Emergency hosuing society disbands, hands over projects

The board said the society is “irrelevant.”

The Boundary Emergency and Transition Housing Society (BETHS), is officially dissolving the society and passing its mandate on to other, post-flood recovery groups.

According to board member Brian Taylor, the board decided to dissolve the society after receiving a “clear indication of irrelevance,” even before the flood in May.

“‘Shelters’ are viewed as obsolete and are being replaced by more comprehensive approaches to the complex challenges that this group faces,” the board said in a statement.

In late 2017, the board of BETHS announced a partnership with BC Housing and the city to move forward with a shelter located on 2nd Street in the industrial area. Taylor said BC Housing was looking to make that a 40-bed unit, which the board of BETHS considered overbuilding.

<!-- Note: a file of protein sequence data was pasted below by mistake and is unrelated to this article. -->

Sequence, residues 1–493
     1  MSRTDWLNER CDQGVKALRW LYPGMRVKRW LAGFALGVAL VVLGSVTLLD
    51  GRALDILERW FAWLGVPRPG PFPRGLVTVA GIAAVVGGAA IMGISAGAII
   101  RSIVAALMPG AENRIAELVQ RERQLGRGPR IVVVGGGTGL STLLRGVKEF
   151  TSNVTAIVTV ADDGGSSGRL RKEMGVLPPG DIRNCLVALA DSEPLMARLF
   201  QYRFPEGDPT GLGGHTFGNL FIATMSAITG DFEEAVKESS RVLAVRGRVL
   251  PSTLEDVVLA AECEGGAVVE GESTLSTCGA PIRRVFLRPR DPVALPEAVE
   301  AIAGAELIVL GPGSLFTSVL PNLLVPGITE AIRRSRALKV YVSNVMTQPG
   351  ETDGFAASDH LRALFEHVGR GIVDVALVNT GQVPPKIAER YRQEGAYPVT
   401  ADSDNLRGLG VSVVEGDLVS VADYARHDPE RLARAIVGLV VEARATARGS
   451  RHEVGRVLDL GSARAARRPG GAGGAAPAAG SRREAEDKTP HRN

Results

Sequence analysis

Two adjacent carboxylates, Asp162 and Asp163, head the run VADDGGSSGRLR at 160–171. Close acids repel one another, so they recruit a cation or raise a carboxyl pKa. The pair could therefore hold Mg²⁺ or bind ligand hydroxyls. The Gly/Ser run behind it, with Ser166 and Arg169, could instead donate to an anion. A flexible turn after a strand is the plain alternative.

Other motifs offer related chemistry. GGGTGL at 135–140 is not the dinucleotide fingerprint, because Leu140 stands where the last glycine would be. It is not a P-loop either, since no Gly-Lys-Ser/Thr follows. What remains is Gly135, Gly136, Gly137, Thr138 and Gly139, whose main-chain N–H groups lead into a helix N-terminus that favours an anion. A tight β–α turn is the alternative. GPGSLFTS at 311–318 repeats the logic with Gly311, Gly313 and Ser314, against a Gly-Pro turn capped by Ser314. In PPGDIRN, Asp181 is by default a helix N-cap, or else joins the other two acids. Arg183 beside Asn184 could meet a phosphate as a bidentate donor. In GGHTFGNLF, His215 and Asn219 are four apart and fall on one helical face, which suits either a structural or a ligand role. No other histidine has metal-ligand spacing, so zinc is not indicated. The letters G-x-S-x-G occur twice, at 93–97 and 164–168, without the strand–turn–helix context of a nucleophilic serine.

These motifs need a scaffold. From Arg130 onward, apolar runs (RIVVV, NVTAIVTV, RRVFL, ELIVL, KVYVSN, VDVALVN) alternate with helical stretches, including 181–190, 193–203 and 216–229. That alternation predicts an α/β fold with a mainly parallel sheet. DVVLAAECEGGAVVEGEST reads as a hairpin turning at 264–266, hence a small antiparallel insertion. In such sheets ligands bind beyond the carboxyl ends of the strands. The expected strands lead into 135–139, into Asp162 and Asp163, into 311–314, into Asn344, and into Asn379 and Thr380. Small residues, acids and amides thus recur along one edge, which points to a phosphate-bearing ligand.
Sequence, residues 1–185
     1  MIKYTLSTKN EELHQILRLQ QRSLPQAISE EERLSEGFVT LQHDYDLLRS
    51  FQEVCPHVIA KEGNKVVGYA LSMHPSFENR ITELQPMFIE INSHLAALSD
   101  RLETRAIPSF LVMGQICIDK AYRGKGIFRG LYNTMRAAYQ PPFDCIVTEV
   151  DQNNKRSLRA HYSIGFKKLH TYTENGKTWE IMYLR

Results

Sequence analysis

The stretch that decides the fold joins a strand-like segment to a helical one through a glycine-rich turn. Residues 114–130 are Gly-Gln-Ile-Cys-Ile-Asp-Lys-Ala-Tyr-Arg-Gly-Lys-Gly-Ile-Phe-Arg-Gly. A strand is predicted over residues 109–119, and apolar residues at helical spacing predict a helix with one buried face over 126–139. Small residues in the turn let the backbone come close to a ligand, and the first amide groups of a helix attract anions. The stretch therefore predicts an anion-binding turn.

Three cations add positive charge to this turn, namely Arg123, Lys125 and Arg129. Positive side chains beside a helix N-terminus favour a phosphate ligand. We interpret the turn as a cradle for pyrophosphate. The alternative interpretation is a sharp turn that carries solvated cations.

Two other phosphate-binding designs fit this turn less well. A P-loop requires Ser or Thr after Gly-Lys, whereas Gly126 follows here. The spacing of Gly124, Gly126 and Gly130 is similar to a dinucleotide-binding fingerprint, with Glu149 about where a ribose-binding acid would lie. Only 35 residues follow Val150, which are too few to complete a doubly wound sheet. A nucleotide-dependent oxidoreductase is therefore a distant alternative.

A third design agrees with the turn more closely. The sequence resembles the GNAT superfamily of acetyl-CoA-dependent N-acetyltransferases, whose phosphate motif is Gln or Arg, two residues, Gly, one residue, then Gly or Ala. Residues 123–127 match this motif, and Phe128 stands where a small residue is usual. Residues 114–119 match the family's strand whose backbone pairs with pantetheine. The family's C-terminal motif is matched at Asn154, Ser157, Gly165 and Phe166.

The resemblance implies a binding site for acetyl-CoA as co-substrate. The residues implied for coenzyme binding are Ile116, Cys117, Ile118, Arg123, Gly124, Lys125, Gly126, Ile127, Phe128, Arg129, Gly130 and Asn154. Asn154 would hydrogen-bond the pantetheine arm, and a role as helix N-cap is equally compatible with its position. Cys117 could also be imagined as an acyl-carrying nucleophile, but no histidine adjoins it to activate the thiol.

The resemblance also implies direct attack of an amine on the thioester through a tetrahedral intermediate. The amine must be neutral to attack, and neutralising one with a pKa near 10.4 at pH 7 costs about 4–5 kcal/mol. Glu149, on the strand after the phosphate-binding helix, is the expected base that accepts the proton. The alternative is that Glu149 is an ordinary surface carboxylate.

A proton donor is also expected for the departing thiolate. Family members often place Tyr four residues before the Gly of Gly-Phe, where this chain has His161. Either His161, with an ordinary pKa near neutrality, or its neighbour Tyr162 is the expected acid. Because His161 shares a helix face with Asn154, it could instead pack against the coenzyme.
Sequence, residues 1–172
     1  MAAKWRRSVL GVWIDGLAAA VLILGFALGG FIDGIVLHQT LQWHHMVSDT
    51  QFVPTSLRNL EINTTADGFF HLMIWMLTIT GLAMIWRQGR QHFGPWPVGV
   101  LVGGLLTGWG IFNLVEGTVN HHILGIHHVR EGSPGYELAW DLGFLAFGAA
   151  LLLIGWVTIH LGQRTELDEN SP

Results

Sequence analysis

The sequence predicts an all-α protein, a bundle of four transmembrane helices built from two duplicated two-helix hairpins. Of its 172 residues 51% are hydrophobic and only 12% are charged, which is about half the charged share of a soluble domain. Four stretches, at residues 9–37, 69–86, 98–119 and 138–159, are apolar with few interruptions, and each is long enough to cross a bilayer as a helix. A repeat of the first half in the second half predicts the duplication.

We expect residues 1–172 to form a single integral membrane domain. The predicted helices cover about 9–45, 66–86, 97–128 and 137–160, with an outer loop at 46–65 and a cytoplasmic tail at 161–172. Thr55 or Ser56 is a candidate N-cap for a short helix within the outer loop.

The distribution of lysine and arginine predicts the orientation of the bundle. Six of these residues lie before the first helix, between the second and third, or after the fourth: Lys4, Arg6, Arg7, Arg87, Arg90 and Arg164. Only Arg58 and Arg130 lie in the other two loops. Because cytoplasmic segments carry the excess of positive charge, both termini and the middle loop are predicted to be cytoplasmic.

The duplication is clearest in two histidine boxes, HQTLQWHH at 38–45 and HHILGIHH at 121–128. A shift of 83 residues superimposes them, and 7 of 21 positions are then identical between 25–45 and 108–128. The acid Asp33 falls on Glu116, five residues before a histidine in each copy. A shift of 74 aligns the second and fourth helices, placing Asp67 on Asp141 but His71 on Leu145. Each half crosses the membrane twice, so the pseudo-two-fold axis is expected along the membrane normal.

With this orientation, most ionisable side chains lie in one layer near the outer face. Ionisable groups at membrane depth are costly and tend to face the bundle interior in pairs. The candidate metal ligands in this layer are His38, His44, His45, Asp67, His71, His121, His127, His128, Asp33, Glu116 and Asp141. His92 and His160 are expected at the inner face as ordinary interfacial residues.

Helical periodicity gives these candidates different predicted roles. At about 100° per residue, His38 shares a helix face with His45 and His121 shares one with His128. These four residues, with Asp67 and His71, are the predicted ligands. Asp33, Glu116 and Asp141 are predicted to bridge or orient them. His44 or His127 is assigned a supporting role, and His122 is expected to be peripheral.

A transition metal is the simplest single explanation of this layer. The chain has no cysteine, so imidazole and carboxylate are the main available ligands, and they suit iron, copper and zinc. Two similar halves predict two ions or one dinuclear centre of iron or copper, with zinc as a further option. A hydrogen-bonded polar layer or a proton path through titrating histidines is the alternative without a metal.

Those plans will not be moving forward under the BETHS umbrella, Taylor said.

Post-flood, Taylor said Urban Matters will be working with BC Housing on housing projects. Taylor added that “many” of BETHS former clients will likely qualify for flood-related housing, though the decision to dissolve the society was in motion before the flood.

BETHS was founded in 2008 and incorporated as a society in 2009.

“Over the next 10 years in response to the growing numbers of people in need in our community, the service expanded,” the statement reads. “The society transitioned from being run by volunteers to a staff funded model and moved to other facilities.”

“The directors of BETHS recognize that our society is no longer relevant and have chosen to dissolve the society.”

Over the past 10 years, Taylor said the number of clients served each year has grown, from three or four per night that first year, to 10 or more last year. Taylor said it would not be uncommon to see 17 people a night last year.

Taylor said the Boundary needs a more comprehensive approach to housing that includes low income, market and rental approaches. By stepping aside, Taylor said the BETHS board hopes to allow a new society to grow in its place.

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